Michigan-based Sakti3 iis working on solid state technologies and platforms with breakthroughs in the energy density, reliability, and manufacturing of batteries. They have a strong edge over competition in three key areas:
–The materials problem:
Using solid state product technology and extensive research and development into materials and processes, Sakti3 has been able to simplify the number of materials used to create highly efficient batteries. Solving the materials problem is the hardest part of any new device physics, and Sakti3 has developed the intellectual property for achieving this goal.
–The scalability problem:
Unlike other solid state battery manufacturing processes that have attempted to create new materials, devices and tools, Sakti3 has developed their in-house model based on equipment already proven for scalability in other industries, so they have cleverly eliminated the scalability challenge in manufacturing by building on what’s already proven as scalable. Hence, they are confident that their results will scale to large batteries and large production facilities.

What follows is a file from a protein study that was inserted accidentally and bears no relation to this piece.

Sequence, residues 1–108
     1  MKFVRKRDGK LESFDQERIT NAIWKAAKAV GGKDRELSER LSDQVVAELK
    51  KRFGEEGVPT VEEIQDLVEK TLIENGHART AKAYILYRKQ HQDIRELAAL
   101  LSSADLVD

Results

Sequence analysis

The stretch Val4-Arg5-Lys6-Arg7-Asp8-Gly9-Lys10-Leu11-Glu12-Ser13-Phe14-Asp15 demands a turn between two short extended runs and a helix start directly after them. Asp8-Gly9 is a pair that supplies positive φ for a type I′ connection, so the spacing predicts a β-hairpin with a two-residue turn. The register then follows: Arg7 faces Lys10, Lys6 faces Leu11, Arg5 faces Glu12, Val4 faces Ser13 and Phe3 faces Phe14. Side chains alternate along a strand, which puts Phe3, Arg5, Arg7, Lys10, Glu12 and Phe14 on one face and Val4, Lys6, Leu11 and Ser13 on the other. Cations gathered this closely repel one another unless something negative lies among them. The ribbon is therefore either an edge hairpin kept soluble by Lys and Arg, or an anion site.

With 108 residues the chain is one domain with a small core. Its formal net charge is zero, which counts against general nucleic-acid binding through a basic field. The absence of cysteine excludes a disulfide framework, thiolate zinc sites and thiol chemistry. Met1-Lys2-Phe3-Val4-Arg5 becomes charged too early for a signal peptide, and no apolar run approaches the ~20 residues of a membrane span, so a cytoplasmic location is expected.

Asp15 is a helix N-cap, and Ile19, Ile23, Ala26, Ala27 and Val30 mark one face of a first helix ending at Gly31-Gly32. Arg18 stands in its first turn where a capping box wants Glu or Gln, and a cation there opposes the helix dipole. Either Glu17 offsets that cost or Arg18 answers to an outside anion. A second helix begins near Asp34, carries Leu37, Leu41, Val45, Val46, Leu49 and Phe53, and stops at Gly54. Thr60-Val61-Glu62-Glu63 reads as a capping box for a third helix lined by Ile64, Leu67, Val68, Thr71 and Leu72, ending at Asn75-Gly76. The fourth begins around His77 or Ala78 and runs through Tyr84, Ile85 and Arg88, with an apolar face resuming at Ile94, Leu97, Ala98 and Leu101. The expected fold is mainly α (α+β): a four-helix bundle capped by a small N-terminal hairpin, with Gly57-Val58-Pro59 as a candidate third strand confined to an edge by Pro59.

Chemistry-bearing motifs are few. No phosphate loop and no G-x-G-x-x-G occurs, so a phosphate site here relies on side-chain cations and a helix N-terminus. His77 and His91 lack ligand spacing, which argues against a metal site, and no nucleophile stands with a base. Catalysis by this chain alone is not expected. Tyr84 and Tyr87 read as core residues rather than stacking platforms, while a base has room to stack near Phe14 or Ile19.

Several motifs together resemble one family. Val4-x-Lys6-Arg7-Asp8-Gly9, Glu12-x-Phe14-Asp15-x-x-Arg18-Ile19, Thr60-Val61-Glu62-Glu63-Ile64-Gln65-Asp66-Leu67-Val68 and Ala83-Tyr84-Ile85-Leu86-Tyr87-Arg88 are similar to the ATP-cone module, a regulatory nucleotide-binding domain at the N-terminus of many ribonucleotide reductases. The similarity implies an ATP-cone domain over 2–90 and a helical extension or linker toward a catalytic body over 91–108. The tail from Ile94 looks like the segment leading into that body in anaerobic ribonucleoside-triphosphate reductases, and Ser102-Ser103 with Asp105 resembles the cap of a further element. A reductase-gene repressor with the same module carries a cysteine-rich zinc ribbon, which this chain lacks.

–The properties challenge:
Sakti3’s research and development has produced models with disruptive properties — double energy density today, and larger gains in the future. These are properties that no competitor has come close to demonstrating in a real material, and importantly – they are able to produce gains predicted by their R&D heavy multi-disciplinary work. The battery industry is changed by this — high energy density, scalable systems and the promise of future improvements.
The leadership team at Sakti3 has over 100 years of collective start-up, big company, manufacturing, equipment, finance and research and development experience, and is led by chief executive Ann Marie Sastry, a University of Michigan professor of materials science.
This is a bet on green energy!
We all need energy, we go to war to protect supplies of energy, and the planet is heating up while traditional nuclear energy (although very green with zero carbon footprint) is deemed too risky in light of several disasters. Furthermore, we don’t want nuclear waste in “our back yard.”
What if you could build a nuclear power plant that was safe and it could use existing waste from other nuclear power plants? What a fascinating proposition!
Enter TransAtomic Power.
Nearly all currently operating commercial reactors use uranium oxide fuel in the form of solid pellets which are surrounded by a metal cladding that helps the fuel retain its shape and prevents release of fission products into the surrounding coolant. In contrast, Transatomic Power’s reactor uses liquid fuel that consists of uranium dissolved in a molten fluoride salt. This solution acts as both fuel and coolant.